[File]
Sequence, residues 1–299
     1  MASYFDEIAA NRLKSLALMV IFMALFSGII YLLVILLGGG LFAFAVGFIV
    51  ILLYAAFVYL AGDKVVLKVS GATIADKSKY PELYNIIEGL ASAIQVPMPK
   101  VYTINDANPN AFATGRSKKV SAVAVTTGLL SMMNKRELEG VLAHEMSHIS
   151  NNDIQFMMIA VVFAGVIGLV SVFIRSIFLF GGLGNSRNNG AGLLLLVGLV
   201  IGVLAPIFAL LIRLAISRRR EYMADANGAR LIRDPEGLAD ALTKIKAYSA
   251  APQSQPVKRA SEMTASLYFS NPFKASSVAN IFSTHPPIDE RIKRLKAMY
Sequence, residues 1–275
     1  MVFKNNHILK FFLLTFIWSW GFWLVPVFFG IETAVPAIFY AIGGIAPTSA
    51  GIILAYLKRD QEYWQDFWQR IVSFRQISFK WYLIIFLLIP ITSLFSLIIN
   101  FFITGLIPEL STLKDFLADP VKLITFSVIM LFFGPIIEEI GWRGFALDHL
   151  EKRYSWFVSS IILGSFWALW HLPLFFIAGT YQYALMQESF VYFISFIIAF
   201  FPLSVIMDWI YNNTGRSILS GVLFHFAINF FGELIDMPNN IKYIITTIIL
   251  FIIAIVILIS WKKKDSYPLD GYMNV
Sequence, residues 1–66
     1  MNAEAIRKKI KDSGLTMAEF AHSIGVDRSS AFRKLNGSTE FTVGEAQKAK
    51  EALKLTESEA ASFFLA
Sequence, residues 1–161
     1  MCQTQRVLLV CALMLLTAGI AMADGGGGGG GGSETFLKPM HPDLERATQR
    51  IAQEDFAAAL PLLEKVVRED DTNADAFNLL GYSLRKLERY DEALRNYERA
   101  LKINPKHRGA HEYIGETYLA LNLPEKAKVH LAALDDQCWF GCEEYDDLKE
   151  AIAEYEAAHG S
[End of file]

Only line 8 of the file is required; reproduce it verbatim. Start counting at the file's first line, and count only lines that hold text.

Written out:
Sequence, residues 1–275